The many hundreds of thousands who have taken this route find themselves strangers among communities that they thought would have been totally familiar. African blood runs in their veins and many find it difficult to settle. A new phenomenon is emerging where the next generation of those who have fled the battle grounds of southern Africa, are returning to the land of their ancestors in search of identity and in an effort to reestablish themselves on the continent.
But the struggle remains, what is the role and the future of white Africans on the continent of Africa, the sole continent that is dominated by human beings with a dark pigment in their skin. Even the description “white” is a misnomer. We are every colour under the sun and really should be called, as they do in America as “EuroAfricans”. The only problem being that most of us have no sense of our “European” ancestry, the title used by many of “Mabunhu” or “farmer” classifies us by our most common means of living. In reality we are just Africans and want to be recognised as such, nothing more.
This is not a peripheral or inconsequential issue. My son went to the USA for the first time a few years ago and when he came back he said almost wistfully, “Dad, those Americans are so patriotic – they fly flags in their gardens and can recite the National Anthem and parts of the Constitution”. He went on to say that he wished we as Africans might one day feel the same way about our countries. The main issue is one of acceptance.
Rhodesians were passionate about “their” country and worked hard and enthusiastically for the country. They beat mandatory sanctions, civil war, accepted deprivation and hardship, even death in defense of the land of their birth (and their own interests). White Zimbabweans, by and large, do not feel the same way about Zimbabwe and this is partly because they do not feel accepted and recognised as citizens of value.
Confronted with the new leadership of the country who are not influenced so much by the historical struggles of Africa to find freedom and dignity, they respond strongly and emotionally to any signs of real acceptance of them as Africans in the land of their birth. We in the MDC fought hard to win them dual Citizenship and the right to all privileges that come with citizenship in the new Constitution. Now if you are born in Zimbabwe or to Zimbabweans parents you are a citizen. At Church yesterday I met a young white Zimbabwean couple who had returned to Zimbabwe to claim citizenship for their new born child – it was granted.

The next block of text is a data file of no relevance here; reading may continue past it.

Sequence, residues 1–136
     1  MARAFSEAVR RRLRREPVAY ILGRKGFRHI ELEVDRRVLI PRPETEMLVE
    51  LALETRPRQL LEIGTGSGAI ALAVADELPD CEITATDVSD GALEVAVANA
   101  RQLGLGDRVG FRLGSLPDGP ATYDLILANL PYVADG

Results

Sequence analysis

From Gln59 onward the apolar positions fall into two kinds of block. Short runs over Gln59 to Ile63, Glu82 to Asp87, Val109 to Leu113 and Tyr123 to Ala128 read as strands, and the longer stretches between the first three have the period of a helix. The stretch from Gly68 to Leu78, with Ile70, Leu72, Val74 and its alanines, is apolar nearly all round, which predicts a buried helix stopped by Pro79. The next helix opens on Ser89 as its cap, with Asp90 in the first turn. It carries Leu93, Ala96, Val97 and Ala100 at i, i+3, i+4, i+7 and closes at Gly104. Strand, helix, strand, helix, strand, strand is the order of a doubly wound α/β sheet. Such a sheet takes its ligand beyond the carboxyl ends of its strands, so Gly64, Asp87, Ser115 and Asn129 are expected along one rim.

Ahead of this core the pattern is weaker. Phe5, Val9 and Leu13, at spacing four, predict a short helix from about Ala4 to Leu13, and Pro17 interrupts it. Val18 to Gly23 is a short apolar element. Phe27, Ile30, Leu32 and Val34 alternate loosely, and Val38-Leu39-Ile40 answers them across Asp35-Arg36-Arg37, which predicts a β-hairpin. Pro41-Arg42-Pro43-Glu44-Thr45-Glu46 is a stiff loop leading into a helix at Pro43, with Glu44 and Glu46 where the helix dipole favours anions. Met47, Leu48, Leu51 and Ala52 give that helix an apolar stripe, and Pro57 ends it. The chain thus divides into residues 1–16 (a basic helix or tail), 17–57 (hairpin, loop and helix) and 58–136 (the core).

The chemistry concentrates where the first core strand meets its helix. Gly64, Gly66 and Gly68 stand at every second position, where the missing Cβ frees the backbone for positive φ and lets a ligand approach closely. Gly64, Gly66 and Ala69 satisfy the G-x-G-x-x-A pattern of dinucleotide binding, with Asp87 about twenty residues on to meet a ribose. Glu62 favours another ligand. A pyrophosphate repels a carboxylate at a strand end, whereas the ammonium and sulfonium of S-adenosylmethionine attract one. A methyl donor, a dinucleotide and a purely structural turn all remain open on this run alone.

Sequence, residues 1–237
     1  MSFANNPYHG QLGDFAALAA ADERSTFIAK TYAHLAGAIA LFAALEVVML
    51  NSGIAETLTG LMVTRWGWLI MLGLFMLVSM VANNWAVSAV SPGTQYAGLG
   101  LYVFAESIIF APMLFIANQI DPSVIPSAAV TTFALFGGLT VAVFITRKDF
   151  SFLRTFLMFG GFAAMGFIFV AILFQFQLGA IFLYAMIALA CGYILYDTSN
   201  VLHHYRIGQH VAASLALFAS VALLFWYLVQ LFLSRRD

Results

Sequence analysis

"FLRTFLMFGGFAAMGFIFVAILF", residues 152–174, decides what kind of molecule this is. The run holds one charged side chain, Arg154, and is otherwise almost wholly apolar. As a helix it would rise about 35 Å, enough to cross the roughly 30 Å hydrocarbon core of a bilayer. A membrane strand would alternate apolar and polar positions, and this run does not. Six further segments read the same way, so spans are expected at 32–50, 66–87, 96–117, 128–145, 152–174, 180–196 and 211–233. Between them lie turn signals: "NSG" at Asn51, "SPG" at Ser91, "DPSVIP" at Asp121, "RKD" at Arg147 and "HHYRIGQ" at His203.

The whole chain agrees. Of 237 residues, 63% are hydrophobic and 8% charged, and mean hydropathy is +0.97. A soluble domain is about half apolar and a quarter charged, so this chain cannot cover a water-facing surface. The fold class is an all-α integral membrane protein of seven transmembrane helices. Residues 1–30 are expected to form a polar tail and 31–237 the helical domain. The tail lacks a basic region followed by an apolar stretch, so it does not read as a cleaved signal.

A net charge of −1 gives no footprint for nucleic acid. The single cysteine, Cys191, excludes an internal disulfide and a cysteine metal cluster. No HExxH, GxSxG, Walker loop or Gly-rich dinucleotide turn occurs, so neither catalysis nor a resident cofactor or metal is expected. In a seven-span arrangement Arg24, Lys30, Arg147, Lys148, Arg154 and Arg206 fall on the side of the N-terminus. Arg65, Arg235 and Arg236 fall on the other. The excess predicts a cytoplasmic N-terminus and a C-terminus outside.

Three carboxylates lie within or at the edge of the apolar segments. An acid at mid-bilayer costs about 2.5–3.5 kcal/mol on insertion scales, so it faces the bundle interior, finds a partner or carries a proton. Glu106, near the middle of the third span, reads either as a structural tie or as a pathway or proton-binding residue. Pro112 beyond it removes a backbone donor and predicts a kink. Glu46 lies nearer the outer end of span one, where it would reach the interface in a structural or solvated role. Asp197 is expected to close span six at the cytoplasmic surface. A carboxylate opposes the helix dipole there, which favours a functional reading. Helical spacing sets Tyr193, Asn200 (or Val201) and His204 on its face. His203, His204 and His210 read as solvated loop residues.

Some years ago I travelled with Morgan Tsvangirai to Europe and while in Britain we were asked to travel across London to a Church hall to meet a group of young Zimbabweans – we found the hall packed with about 600 young people – very mixed, but majority white. During his speech he assured them that they could come home once he was in power and that we would grant them their citizenship rights on arrival, he was astonished by the reaction, there was an outpouring of support – many in tears.
Last week I attended the AGM of the Commercial Farmers Union. There I heard one of the most amazing speeches I have ever heard on the future of Agriculture in Africa from a tall Afrikaner who has been elected as President of the Pan African Federation of African Farms Unions. He represents the new white African generation who have overcome the obstacles of their history by the sheer force of his commitment to the common good and the special skills he brings to the table. He is, in many ways, the future, and not the past, of white Africans in the continent of their birth.
Eddie Cross is MDC MP for Bulawayo South. This article first appeared on www.eddiecross.africanherd.com